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What's in a Name?

Birmingham style across from Google

by Sally Mitani

posted 10/24/2012

Around here, maple means those flame-colored trees that line our older residential streets, but over Birmingham way, Maple is another name for Fifteen Mile Road, and it's associated with a certain preppie-slacker chic. "What represents you the most? It's where you're from," says Brad Friedman of Maple, the store he and his friend Brandon Schram just opened on East Liberty in the former Kim's Martial Arts (see below for what happened to Kim's). "We grew up on Maple. Maple Woods, Maple Creek, we went to Maple Elementary."

Maple is also one of Birmingham's main retail streets, and Friedman and Schram opened a store there, too, several months ago. They're trying to develop Maple as a brand name.

Maple's small selection of men's clothing and accessories are for a certain type of business professional who is "laid-back, enjoys life, wants to be comfortable and look good without being too trendy," Friedman says. The suggested accessories for their loosely woven shirts and cargo pants, also sold in the small store, are skateboards, headphones, man purses, and waterproof Swim-brand shoes--"you can walk in and out of the pool in them." Friedman admits the store's proximity to the offices of Google and Barracuda (moving into the old Borders office space this fall) is entirely intentional.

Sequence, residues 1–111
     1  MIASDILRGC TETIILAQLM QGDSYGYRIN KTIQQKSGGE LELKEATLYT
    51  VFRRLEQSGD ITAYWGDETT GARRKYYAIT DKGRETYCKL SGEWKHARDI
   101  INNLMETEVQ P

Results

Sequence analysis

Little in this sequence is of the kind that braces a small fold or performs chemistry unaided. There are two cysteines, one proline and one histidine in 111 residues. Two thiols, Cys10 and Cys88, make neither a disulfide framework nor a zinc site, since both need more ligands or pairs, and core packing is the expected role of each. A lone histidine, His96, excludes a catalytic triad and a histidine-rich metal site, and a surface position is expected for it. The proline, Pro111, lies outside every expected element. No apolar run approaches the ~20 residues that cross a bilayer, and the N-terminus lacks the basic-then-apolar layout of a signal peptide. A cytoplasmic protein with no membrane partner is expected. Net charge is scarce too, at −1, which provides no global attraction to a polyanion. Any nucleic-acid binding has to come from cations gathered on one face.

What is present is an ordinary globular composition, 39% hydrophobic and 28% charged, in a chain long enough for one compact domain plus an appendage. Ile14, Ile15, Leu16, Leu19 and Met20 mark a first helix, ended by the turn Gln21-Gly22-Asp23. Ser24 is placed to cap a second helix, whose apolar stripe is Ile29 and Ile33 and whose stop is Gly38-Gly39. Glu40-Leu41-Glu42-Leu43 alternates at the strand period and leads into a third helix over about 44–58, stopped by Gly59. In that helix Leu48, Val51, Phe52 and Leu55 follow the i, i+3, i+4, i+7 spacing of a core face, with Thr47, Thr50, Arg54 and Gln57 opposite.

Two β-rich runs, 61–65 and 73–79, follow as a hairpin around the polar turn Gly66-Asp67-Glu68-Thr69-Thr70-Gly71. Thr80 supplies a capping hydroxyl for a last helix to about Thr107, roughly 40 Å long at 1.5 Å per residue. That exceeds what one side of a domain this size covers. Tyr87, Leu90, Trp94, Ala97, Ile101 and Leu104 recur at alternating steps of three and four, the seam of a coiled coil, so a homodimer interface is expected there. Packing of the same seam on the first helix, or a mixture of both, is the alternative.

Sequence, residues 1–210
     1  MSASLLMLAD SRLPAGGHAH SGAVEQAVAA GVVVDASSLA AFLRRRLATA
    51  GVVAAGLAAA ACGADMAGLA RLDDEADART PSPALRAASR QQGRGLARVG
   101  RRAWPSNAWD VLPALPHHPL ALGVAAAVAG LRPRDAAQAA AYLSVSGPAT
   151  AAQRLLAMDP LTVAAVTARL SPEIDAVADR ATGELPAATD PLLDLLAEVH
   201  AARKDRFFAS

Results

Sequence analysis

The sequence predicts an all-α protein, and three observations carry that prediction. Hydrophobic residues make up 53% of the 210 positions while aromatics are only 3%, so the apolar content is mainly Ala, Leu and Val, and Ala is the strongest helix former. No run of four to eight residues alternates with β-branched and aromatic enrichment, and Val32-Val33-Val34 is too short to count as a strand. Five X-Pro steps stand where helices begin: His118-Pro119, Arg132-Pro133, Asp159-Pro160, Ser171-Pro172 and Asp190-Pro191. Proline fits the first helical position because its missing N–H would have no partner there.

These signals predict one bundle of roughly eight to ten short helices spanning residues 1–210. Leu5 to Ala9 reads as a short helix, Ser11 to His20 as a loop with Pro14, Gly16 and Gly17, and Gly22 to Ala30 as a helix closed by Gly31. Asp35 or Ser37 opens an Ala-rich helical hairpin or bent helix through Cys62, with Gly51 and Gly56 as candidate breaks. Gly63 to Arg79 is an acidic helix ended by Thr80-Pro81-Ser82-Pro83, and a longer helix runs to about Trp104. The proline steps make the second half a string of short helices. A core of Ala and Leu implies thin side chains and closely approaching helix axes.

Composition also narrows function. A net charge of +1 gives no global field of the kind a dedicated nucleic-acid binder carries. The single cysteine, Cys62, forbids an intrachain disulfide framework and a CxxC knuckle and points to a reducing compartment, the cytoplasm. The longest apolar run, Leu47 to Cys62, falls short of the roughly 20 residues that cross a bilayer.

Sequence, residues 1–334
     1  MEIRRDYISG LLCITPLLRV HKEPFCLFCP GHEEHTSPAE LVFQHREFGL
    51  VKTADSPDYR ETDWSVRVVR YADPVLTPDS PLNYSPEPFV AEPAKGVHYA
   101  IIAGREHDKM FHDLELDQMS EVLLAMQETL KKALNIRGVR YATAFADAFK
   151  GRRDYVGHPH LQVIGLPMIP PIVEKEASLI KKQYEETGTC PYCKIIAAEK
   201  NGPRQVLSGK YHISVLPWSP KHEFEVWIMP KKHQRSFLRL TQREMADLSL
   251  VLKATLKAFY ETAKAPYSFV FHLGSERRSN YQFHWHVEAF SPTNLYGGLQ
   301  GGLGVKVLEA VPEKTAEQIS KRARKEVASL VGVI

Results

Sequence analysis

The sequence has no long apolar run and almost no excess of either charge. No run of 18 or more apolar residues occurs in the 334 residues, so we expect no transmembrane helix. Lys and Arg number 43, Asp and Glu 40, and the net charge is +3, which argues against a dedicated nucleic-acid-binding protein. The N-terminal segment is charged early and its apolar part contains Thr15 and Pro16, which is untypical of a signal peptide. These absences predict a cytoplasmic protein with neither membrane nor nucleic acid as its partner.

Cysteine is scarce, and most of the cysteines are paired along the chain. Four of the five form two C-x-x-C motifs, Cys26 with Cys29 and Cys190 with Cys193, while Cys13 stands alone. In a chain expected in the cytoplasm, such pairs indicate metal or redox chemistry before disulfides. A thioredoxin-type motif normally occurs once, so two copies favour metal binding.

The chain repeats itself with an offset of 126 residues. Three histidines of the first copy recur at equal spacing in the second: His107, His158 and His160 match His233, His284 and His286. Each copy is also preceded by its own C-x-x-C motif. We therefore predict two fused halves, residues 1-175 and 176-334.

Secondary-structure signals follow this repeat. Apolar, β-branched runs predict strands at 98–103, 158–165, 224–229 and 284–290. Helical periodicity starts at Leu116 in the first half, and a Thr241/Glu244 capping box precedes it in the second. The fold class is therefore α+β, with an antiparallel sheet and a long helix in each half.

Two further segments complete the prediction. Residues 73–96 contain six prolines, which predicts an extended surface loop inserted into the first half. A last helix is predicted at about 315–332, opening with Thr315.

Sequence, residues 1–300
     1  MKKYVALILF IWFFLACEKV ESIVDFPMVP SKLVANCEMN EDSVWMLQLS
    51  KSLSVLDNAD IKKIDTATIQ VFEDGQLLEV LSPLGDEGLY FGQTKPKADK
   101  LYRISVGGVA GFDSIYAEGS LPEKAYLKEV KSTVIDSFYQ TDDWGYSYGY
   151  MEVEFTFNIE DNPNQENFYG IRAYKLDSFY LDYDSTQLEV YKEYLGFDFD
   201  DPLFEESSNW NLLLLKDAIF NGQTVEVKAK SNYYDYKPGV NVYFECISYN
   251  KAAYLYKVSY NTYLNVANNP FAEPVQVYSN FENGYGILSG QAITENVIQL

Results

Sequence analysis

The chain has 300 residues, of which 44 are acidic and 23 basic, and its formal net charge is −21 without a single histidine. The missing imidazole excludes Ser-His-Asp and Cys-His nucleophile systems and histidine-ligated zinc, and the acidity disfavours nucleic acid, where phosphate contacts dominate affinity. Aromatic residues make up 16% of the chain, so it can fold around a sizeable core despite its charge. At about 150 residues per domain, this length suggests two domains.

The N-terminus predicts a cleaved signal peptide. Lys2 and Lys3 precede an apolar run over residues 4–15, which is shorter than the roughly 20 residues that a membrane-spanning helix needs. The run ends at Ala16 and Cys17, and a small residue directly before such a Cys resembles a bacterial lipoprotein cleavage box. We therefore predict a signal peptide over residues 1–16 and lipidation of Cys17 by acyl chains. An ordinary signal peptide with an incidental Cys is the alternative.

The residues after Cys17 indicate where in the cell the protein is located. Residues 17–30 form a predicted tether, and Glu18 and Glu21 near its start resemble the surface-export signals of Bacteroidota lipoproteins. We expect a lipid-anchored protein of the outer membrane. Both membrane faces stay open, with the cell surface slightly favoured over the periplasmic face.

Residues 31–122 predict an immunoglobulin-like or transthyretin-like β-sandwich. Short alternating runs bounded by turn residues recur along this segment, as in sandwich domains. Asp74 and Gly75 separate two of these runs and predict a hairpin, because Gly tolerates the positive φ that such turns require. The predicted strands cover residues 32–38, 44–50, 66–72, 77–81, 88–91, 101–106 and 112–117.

Friedman, in his mid-twenties, has spent the last several years in design and marketing for Marley Beverages ("the anti-Red Bull," he calls it), while Schram worked for its sister company, the eco-friendly House of Marley. (Both Marley companies are based in Commerce Township and are loosely affiliated with the foundation, run by Bob Marley's family.) Last year, the two friends decided that they needed their own retail operation.

Friedman calls the Ann Arbor Maple store a pop-up--it's on a three-month lease. He isn't entirely sure where either Maple store is headed. "We thought we'd start off as a clothing store and begin integrating other things. It could turn into a coffeeshop with retail. There are some very cool concepts we want to play around with, but this is a good stepping-stone."

Maple, 406 E. Liberty (no phone).

Daily 10 a.m.-9 p.m.
    (end of article)

[Originally published in October, 2012.]


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